I love Domino's new ads as both a consumer and someone who works in the market research industry. And before research purists jump down my throat, I know that Domino's new Focus group centric ads seem to show a single focus group, that the information used is merely directional and we'd like to assume that this research is probably part of a bigger study or perhaps even faked for the purposes of the advertising. And I know it raises obvious questions about respondent confidentiality. I also don't know what other techniques were used, nor do I really care that much. What I do care about is the impact of the ads on the "brand" of the industry.
In recent years the industry has come under fire and mocked continuously on televisions (see the office's brilliant customer satisfaction scores episode), so I am excited to see a positive portrayal of what we do and how company's use information to better serve their customers.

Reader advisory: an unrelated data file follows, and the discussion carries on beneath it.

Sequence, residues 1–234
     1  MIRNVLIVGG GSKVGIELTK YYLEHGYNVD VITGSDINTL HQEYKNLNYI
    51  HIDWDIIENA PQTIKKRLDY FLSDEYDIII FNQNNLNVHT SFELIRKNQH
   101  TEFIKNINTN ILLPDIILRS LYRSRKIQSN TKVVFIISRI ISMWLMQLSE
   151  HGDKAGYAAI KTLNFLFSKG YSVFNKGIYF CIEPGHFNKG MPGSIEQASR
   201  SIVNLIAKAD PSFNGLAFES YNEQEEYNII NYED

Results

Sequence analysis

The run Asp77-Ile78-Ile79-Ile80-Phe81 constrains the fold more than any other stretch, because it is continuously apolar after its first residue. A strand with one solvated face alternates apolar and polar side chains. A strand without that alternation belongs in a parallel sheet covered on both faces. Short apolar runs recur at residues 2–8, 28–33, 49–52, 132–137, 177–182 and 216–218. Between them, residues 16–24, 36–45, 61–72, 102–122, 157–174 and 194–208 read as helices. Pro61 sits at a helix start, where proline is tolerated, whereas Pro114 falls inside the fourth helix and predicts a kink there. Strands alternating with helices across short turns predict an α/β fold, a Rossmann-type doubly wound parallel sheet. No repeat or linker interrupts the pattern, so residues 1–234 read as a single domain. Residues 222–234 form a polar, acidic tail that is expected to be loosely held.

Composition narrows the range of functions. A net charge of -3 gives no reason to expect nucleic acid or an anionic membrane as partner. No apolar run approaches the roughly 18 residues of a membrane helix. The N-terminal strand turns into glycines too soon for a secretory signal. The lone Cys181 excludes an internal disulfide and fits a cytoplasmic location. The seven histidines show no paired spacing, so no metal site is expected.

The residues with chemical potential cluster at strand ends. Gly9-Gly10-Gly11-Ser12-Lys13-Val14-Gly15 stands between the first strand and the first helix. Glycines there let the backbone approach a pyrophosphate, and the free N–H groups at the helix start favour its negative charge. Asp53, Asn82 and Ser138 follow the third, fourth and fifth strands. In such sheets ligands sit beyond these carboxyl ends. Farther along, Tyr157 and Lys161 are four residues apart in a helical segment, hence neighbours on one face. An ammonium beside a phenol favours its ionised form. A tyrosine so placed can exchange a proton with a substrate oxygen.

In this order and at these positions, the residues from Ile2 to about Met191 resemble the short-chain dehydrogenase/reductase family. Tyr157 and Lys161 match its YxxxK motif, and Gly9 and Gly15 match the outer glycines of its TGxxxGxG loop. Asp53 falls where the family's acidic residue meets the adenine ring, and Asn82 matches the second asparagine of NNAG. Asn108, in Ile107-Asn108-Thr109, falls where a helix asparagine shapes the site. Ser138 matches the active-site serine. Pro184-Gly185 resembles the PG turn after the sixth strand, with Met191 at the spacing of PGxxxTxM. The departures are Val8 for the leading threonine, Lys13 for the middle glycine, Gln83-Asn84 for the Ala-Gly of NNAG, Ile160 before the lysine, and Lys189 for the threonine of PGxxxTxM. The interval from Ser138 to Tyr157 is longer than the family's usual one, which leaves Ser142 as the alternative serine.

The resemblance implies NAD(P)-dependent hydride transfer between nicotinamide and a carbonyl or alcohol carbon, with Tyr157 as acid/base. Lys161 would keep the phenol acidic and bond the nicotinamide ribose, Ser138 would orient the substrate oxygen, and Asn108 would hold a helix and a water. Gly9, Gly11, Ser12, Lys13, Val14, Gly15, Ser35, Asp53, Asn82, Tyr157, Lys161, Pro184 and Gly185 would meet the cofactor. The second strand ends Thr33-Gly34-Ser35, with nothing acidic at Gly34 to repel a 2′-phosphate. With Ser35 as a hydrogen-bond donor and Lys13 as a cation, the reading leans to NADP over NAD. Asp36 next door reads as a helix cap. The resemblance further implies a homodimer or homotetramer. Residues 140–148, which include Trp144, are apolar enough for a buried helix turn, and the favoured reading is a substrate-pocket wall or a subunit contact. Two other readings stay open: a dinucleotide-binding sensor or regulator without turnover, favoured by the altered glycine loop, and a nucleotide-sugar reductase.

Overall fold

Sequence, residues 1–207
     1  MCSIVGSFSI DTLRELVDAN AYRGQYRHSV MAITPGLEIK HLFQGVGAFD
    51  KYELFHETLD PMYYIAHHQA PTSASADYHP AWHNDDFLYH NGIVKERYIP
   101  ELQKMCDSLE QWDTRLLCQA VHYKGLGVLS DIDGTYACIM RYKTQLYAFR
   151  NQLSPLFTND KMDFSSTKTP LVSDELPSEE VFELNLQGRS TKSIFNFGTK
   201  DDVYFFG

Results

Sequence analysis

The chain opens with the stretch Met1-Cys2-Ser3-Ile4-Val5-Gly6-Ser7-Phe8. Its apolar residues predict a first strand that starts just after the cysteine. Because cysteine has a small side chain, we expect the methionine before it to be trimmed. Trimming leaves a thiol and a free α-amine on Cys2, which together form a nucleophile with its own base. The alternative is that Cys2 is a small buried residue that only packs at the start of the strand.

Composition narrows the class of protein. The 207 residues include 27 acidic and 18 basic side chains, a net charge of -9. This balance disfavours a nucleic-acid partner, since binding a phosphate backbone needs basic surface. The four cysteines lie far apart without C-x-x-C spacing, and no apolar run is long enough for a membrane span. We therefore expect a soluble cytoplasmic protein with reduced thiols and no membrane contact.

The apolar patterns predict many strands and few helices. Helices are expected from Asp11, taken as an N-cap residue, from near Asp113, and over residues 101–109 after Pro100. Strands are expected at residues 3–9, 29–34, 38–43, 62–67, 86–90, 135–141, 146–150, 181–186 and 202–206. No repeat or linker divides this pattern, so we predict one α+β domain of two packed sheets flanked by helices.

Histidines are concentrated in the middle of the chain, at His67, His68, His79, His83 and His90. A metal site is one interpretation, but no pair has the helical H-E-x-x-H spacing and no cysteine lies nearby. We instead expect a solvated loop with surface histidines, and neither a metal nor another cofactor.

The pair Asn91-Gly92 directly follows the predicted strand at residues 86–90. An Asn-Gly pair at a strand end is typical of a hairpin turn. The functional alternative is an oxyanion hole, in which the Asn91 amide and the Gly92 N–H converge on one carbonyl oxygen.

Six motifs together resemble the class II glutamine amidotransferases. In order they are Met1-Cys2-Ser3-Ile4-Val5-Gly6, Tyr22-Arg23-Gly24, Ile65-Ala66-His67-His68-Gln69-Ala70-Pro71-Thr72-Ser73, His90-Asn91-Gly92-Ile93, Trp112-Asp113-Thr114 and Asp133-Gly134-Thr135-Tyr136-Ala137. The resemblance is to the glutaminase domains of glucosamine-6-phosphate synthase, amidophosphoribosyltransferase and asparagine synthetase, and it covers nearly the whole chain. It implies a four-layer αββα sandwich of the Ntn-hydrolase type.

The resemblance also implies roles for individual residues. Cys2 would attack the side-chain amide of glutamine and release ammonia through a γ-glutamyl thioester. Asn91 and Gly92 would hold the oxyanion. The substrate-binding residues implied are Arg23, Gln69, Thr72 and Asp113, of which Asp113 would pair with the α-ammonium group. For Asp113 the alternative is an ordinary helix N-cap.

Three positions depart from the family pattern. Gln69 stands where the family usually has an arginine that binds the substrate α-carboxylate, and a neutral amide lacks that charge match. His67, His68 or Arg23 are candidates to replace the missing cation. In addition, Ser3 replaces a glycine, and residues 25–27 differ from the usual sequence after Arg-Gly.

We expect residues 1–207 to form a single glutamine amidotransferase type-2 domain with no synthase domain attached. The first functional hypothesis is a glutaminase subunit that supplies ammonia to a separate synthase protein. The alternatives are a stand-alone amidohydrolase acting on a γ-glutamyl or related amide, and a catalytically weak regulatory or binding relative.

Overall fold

In addition to the fact that Domino's has done an excellent job being self-deprecating and recognizing consumer perceptions about their quality, I believe the ads break down three basic negative conceptions of the research industry.
- Corporate beliefs that market research isn't actionable
- Consumer beliefs that they aren't being listened to (and this people don't want to participate)
- Traditional techniques don't work as well as listening to social media and using interactive questions
The video below shows how they have adopted the findings at the highest levels.
What it means for Domino's
Coming off of last year's social media disaster, that painted them as unknowing and unhealthy, Domino's ads are sending a message that says "We hear what people have been saying and we've dealt with it. Now give us a try, you might like us more than you think." I know that they have at least re-entered my consideration set, the first step to becoming a customer and potentially (with some free bread sticks, perhaps) an advocate. As was often muttered in Bill Murray's great 1991 movie "What About Bob?" Domino's is taking baby steps.
Posted by Josh Mendelsohn. Josh is our VP of Marketing and loves live music, pugs, tv, great food, market research, New Orleans, marketing, Boston and sports. You can follow him on Twitter @mendelj2 and at The Better Research Blog